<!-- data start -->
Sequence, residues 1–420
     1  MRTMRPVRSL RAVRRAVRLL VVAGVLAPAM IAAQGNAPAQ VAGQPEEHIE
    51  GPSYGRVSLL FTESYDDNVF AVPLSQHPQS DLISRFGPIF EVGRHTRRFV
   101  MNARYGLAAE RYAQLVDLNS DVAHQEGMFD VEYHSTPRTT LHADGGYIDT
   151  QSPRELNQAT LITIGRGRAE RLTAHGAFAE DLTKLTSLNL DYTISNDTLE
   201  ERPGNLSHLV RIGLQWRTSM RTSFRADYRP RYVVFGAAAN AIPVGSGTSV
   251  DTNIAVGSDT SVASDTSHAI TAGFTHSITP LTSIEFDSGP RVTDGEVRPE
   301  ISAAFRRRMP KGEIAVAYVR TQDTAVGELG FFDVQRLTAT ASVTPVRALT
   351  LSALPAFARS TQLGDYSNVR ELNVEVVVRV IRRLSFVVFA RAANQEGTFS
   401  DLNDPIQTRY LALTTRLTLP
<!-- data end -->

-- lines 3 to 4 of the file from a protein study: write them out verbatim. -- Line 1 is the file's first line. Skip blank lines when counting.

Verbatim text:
    51  GPSYGRVSLL FTESYDDNVF AVPLSQHPQS DLISRFGPIF EVGRHTRRFV
   101  MNARYGLAAE RYAQLVDLNS DVAHQEGMFD VEYHSTPRTT LHADGGYIDT